William Hamilton

‘If you can say something, you can do something’

Clean your basement. Tidy your bedroom. Better yet, shovel the snow from your neighbor’s walkway. How do you feel afterwards? Sure, you’re a little tired. But chances are, you’re feeling different sensations than you did before the chore. The exertion and the accomplishment deposit you on firmer ground emotionally. As you put your feet up to take a load off, your clenched jaw is relaxing, your stiffened mood and mindset are softening.

This is an effect of doing deeds. These days, we seem to be over-indexed on words and under-indexed on works. We post. We posture. We perform online. Even right here and now, if you’re still reading, I’m being complicit in this trend by writing this message. 

But doing can change a lot more than saying does. Of course, words matter. A tender compliment can be all you need to get through a tough day. Yet the impact of doing a deed is something that’s under-celebrated. In addition to upgrading your mood, it can relax your mind. I’ve heard it said, “It’s easier to act your way into new ways of thinking, than to think your way into new ways of acting.”

This week’s portion of Torah presents a construction plan for a portable sanctuary. It is largely deed-driven. Actually, the hundreds of commandments of the Torah are categorized as things to do and things to not-do. The sanctuary’s perimeters are framed by “beams of acacia wood, standing upright” (om’dim)(Ex. 27:15). They are to be positioned upright, the way trees grow. I prefer to interpret this as the way of growth. That is, when we stand during the personal standing-prayer (amida) we’re poised to grow. Being upright is the posture for inner-growth.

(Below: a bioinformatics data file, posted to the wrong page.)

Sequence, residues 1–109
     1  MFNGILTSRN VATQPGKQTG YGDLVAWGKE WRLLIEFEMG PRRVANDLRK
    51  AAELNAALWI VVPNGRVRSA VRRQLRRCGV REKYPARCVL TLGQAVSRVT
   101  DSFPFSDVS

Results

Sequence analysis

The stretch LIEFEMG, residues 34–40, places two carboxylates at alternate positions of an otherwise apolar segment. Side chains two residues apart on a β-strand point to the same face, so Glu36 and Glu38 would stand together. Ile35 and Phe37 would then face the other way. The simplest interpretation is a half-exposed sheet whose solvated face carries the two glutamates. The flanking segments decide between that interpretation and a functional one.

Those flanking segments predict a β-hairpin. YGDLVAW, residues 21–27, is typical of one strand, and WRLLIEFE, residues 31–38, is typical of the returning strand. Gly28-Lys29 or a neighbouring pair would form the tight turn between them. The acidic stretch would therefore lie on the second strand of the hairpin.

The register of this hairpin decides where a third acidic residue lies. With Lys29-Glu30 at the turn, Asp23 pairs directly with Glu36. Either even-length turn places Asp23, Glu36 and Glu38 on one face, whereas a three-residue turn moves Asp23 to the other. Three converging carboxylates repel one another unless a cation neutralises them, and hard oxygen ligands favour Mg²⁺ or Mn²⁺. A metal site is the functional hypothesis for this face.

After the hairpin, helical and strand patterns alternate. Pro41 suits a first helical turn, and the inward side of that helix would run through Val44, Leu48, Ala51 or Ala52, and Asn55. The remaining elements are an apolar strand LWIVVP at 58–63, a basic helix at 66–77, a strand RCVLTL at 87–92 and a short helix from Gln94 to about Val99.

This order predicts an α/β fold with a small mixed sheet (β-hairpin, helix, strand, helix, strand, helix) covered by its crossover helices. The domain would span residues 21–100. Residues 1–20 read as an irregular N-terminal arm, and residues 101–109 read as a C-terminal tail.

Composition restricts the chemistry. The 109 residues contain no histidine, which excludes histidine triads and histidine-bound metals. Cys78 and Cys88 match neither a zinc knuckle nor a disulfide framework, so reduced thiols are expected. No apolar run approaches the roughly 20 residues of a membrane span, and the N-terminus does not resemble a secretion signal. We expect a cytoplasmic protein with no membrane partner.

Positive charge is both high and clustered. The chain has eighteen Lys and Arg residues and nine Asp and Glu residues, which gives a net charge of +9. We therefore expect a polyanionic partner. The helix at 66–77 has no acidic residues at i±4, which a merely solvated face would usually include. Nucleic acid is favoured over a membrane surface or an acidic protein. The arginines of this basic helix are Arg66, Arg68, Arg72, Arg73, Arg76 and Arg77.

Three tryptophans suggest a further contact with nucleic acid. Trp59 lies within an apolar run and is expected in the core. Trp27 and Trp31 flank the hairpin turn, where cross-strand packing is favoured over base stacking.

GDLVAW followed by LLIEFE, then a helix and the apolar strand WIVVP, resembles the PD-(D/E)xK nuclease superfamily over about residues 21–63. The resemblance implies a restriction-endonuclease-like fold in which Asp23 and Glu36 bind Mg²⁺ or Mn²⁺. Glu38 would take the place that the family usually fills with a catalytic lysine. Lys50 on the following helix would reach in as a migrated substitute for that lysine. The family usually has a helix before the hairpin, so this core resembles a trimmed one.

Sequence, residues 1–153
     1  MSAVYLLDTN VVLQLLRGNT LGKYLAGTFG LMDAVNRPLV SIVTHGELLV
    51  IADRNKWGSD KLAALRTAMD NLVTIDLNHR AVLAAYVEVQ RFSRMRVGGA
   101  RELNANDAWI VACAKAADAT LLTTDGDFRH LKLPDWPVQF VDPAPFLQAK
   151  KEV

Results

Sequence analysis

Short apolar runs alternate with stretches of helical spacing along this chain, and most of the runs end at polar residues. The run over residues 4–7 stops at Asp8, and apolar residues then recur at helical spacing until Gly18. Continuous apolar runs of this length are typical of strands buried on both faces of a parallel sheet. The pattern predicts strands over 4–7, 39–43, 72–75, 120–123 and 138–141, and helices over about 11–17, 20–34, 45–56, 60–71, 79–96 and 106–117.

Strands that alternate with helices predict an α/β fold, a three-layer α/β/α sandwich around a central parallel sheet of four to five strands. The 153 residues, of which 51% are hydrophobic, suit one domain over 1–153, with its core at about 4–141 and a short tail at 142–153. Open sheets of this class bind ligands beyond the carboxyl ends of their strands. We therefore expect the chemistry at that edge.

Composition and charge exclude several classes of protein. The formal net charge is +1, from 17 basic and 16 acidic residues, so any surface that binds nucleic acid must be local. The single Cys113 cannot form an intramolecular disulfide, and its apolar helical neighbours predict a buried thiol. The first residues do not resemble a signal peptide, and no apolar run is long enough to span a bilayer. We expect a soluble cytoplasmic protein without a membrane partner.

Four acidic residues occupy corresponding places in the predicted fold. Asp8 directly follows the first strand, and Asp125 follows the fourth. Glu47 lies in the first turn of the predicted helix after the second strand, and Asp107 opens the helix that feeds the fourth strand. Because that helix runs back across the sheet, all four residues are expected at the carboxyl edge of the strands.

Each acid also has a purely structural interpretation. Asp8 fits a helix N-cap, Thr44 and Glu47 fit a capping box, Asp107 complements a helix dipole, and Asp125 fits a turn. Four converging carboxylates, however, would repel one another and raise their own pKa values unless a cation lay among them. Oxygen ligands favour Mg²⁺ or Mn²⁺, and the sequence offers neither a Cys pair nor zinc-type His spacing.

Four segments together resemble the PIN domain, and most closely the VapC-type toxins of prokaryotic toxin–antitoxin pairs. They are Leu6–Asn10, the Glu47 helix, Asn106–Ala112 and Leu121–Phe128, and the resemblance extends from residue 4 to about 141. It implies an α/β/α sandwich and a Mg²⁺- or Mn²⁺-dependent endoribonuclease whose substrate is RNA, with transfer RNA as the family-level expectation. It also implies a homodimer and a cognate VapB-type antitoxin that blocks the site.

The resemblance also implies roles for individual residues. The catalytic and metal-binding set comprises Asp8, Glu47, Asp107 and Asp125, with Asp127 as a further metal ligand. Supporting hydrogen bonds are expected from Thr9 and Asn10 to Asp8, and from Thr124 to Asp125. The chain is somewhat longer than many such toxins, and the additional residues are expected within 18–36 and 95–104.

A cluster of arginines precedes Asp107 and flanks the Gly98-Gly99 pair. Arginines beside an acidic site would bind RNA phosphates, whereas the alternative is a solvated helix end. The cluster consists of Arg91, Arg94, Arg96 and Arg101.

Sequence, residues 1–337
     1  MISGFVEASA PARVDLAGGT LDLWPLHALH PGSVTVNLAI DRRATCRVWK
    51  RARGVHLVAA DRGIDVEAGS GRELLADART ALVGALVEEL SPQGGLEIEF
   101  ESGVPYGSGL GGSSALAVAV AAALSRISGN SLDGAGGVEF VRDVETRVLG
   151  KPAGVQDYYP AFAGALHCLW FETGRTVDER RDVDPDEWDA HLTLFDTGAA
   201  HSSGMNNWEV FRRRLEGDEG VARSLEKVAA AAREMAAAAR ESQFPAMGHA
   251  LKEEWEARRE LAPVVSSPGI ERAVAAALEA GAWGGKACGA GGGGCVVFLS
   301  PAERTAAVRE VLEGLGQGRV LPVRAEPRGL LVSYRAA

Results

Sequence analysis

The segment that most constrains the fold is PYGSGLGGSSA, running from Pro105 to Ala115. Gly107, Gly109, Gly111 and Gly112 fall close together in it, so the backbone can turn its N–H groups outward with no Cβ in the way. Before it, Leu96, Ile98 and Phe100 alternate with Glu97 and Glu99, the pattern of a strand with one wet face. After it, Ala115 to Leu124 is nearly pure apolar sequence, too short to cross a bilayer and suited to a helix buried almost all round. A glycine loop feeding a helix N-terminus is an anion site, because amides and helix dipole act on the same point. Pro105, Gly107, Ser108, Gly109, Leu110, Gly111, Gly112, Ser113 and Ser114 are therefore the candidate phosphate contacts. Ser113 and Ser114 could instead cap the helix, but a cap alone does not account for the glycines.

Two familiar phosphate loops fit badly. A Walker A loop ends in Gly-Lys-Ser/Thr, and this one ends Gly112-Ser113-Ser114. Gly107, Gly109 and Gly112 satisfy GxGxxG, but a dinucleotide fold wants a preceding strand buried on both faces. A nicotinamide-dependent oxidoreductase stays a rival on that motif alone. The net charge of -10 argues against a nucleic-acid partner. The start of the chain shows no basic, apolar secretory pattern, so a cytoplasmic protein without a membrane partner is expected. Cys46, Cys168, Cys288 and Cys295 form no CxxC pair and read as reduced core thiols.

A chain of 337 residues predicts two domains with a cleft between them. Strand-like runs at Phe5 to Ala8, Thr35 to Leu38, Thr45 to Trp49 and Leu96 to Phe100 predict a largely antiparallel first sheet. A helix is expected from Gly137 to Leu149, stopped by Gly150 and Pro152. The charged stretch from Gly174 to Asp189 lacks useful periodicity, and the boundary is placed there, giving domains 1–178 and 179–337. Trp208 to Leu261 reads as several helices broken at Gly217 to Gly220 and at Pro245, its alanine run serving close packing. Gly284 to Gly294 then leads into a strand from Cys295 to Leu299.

For some time now, we’ve come across signs that read, ‘If you see something, say something.’ My good friend Josh Kraft put it better some years ago when he wrote,“If you can say something, you can do something.”

Try it this weekend. Do a task on purpose. Even better, do something for somebody else. Then take note of that new-life that’s been poured inside you, of that fresh-drive you’re feeling. These emotional-goods tip-toed up behind you, while you were doing something else. And even if they’re more timid and harder to detect, it’s ok. Because you’ve still accomplished something. 

About the Author
Rabbi William Hamilton has served as rabbi (mara d'atra) of Kehillath Israel in Brookline, MA since 1995.
Related Topics
Related Posts